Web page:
Want to make a bundle in med-tech? You might want to do a gut check.
Yes, you’ll need steely resolve and meticulous long-term strategy to succeed in the competitive world of medical technology innovation. But the gut may also be the source of therapy innovation.
“There’s a trillion bacteria living in your colon right now, as we speak. That microbiome impacts your body in a way that is incredibly important in terms of autoimmune disease, food allergies, your bowel habit, how you digest your food,” Minneapolis gastroenterologist and med-tech inventor Dr. Robert Ganz said. “The opportunity there is unbelievable, just in detecting it, trying to figure out what kind of bacteria you have, and the kinds of ways that that affects the metabolism.”
Ganz’ observations came Thursday during a standing-room-only panel discussion on medical innovation on day two of the Minnesota MedTech Week Conference at the Minneapolis Convention Center. The conference, organized by trade group LifeScience Alley and UBM Canon, attracted more than 5,000 people to the expo floor and was kicked off with remarks from Lt. Gov. Tina Smith. She touted the industry’s 28,000 well-paying jobs at more than 440 medical technology manufacturers in the state.
Ganz comments on the innovation panel came in response to a question occupying many minds at the conference: What areas of medicine are ripe for technological innovation?
Dr. Gwenyth Fischer, a University of Minnesota pediatrician and founder of the Pediatric Device Innovation Consortium, told the audience that sick children are sorely in need of medical devices that can be used in the home.
Just as with adults, children with chronic health conditions are much cheaper to treat in a home setting, but only if the medical equipment will allow for it. The need has become particularly acute in pediatric medicine because medical advances in neonatal intensive care units (NICUs) have resulted in far more babies and young kids with severe medical needs leaving the hospital alive.
“Thanks to great NICU technology, they’re now making it out and getting home. Those kids have trachs, they have ventilators, they have shunts that are in their heads,” Fischer said. “They have a lot of care that currently occurs in the hospital that is expensive, and could be moved to the home. That is a big area, both in neonates and also in older kids with chronic health conditions.”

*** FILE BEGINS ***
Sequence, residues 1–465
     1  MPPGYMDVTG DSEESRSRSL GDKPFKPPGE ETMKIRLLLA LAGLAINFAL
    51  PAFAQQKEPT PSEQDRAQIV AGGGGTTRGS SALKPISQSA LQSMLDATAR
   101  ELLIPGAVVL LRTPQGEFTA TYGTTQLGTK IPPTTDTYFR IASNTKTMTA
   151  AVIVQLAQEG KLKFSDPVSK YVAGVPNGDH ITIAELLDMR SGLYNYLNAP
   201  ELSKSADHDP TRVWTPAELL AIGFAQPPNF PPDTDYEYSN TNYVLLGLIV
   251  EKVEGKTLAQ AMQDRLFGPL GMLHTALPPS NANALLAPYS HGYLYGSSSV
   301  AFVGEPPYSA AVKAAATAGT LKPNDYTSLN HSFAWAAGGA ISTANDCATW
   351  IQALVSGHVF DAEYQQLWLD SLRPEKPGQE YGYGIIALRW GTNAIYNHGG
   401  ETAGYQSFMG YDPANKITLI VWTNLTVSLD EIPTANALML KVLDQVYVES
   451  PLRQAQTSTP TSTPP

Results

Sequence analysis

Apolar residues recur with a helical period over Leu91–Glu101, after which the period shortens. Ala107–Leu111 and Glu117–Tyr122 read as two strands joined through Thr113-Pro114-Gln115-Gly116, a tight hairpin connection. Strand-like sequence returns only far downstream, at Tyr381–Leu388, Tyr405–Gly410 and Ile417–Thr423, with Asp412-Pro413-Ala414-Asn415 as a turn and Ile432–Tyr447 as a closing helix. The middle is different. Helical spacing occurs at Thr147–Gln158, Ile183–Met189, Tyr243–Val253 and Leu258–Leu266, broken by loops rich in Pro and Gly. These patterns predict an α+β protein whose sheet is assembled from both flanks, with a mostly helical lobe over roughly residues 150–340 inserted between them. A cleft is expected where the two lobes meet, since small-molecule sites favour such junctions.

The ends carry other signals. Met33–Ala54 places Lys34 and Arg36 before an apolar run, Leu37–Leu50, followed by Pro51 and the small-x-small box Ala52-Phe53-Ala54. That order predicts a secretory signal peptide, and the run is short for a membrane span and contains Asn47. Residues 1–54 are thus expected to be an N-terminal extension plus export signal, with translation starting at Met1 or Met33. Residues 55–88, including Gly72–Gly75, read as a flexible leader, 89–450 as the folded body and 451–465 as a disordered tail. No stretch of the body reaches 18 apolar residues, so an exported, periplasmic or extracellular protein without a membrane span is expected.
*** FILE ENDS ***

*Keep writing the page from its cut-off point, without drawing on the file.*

And despite the incessant hype about medical apps from Silicon Valley, doctors say there’s still a strong need for mobile health applications that are designed to perform accurately enough to be used in a medical context.
“I don’t know how many of you have FitBits, but to me a FitBit is virtually worthless,” said Dr. Robert Schwartz, a Minneapolis cardiologist and medical device inventor. “Every EKG sensor I see out there, from a medical context, is useless.”
He urged the mobile-health device makers to more strongly consider what is happening at the human interface with their devices, and what types of detailed data are needed for medical assessments.
Once a team of doctors and engineers has coalesced around an idea, another hurdle that increasingly looms large is finding the funding to design it and then prove it works. Global accounting and services firm EY recently concluded that early-stage medical technology firms struggled since 2014 to increase their venture-capital funding, even as the broader VC market is booming.
Here, too, is an opportunity for innovation.
A morning panel discussion Thursday that featured speakers from UnitedHealth Group and North Memorial Health Care posed the question of whether payers and providers might be interested in helping fund some of the upfront costs to develop technologies that may end up making health care more efficient in the long run.
Brett Edelson at UnitedHealth said some projects are already being entertained, but they are very specifically tailored to unique needs. A major question has been how the insurer can share in the long-term “upside” if the product is successful.
Kelly Macken-Marble, president of ambulatory services at North Memorial, said the health system has already worked with private companies on projects to allow texting and chatting between patients and clinicians, and to develop a database of biological measures in cancer treatment.
“We would love to do more of that,” she said.